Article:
<i>Yakuza 4</i> is bonkers; full of all of the mad charm of its predecessors. The game is split into 4 distinct chapters, each with its own playable character, and each with its own ridiculous idiosyncrasies. Opening character Akiyama, who owns loans company Sky Finance, also runs his own hostess club Elise. This opens up into one of the game’s most complex minigames, where you train a hostess the art of flirtation, changing her outfit every now and again to make sure rich business men continue to spend their cash. It’s a minigame that could only appear in a game like <i>Yakuza</i>, one set in the heart of Japan and full of that same humour that the city is known for. This isn’t some simple extra tacked onto the story either, you can lose hours perfecting the right outfits for your guests, trying to earn enough money to repeat the process and go for record breaking evenings. This isn’t the strangest discipline you’ll be undertaking either.

<br /><br />

The second character you play as, escaped death row inmate Saejima has his fair share of quirks during the time you play as him, but one in particular is worth mentioning. The other 3 playable characters can use their camera phones to unlock special moves from various situations they see. As Saejima doesn’t own a phone, instead he watches the action, then takes out a block of wood and carves a model he can use for inspiration. It’s worth taking the time to discover these hidden scenes just to see him do this, as it’s hilarious every single time.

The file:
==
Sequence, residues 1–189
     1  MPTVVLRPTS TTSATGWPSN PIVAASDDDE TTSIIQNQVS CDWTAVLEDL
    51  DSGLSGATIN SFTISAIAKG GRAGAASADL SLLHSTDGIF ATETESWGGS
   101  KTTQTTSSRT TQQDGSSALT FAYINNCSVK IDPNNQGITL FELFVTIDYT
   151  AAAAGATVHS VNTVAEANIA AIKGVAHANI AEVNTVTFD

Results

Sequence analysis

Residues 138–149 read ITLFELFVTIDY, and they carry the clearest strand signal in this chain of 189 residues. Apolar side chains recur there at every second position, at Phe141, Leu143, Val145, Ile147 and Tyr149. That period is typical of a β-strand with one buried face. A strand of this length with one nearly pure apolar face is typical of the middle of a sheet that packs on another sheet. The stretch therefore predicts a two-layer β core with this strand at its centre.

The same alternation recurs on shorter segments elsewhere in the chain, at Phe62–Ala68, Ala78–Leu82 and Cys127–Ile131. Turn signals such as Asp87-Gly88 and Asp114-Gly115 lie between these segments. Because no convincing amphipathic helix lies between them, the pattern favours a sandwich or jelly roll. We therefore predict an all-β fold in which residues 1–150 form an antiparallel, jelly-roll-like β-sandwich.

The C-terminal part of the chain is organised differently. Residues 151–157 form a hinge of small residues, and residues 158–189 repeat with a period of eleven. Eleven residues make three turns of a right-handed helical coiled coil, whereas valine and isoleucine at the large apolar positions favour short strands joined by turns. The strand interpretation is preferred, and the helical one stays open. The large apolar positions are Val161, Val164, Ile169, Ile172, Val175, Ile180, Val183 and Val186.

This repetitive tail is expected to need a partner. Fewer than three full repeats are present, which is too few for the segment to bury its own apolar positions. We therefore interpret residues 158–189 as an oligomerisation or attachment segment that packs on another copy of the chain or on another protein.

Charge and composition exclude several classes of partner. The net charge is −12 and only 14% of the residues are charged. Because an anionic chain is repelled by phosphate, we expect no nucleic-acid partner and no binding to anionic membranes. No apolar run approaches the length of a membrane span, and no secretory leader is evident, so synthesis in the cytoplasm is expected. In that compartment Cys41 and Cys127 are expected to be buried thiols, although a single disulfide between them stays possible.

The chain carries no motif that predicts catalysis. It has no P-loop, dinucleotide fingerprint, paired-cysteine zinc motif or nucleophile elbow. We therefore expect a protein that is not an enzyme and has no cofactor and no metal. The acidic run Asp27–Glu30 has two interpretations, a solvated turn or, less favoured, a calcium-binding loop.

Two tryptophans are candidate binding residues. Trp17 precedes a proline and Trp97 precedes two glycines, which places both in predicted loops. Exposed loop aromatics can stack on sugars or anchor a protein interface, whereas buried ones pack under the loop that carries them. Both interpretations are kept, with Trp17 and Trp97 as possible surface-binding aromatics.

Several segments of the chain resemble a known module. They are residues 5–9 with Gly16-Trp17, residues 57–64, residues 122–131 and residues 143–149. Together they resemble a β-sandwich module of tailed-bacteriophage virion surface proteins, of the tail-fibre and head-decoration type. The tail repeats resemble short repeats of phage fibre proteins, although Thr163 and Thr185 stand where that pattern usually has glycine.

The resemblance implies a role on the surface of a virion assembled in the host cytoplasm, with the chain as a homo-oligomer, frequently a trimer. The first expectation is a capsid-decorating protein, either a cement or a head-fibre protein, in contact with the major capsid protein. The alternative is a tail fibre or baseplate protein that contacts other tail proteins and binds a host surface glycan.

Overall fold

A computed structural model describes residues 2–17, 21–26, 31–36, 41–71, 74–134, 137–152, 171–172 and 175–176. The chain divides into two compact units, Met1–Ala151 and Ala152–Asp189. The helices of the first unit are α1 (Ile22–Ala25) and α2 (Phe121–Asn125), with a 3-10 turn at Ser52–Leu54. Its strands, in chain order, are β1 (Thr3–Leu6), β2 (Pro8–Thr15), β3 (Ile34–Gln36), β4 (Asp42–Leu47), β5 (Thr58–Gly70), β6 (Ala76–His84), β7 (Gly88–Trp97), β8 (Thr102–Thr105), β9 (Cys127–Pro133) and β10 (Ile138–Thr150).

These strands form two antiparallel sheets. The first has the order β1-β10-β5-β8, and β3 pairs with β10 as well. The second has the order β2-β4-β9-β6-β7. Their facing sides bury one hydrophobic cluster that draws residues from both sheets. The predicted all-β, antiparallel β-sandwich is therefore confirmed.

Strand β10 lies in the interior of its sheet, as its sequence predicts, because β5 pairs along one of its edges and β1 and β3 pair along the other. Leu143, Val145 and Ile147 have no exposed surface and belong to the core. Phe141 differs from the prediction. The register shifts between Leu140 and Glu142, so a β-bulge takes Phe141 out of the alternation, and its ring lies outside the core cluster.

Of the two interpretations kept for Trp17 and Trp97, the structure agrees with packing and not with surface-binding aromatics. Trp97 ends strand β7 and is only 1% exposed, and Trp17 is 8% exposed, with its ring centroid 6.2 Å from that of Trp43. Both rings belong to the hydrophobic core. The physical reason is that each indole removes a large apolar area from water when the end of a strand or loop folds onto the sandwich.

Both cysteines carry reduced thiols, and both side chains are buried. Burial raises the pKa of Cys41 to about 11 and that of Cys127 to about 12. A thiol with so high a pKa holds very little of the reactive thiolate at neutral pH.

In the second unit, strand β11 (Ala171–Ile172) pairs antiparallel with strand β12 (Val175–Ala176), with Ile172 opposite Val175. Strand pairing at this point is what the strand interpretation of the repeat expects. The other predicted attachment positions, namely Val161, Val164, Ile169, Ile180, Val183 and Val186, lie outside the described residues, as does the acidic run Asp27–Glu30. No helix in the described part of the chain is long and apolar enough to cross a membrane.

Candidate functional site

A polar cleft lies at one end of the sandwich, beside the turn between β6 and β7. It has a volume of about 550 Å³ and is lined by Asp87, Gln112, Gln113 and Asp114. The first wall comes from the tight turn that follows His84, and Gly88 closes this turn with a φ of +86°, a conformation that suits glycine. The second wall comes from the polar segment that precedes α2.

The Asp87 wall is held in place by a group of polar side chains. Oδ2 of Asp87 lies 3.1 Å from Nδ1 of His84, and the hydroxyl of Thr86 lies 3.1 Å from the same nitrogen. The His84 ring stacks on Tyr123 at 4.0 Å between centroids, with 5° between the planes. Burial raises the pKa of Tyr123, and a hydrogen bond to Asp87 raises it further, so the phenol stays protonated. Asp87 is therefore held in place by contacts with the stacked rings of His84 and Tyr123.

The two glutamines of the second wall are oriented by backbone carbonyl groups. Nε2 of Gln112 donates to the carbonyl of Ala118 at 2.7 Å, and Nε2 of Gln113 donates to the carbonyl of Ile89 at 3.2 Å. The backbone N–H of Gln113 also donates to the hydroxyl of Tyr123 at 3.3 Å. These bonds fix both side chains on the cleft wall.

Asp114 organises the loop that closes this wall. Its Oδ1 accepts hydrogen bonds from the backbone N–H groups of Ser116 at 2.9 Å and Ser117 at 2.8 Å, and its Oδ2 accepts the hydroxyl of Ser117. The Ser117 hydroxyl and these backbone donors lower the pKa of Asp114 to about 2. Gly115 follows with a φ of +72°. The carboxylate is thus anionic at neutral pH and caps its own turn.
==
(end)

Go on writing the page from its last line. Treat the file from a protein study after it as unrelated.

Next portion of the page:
<br /><br />

<i>Yakuza</i> does offer more than just laughs and unexpected uses of your time though. The story is just as detailed, complex and well told as the series has been known for thus far. Cutscenes can be long, think Kojima style, but each keeps your interest through a mixture of brilliant imagery and genuinely interesting drama. With no English dub, the game retains a classic Japanese tone throughout, and the voice acting is much better than any English equivalent would have been.

<br /><br />

This sophisticated tone is one of the reasons I would recommended <i>Yakuza 4</i> to any PS3 owner. It’s brutally violent, intriguing from start to finish and requires a surprisingly small amount of background knowledge. The <i>Yakuza</i> series has been consistently brilliant and <i>4</i> could well be the best entry yet, combining everything that makes it so quirky and original into one slick package. Is <i>Yakuza</i> Sega’s best series since their console days? Most definitely.

 Seeing a new move to learn and getting Saejima to carve it from a block of wood is unlike anything else in games.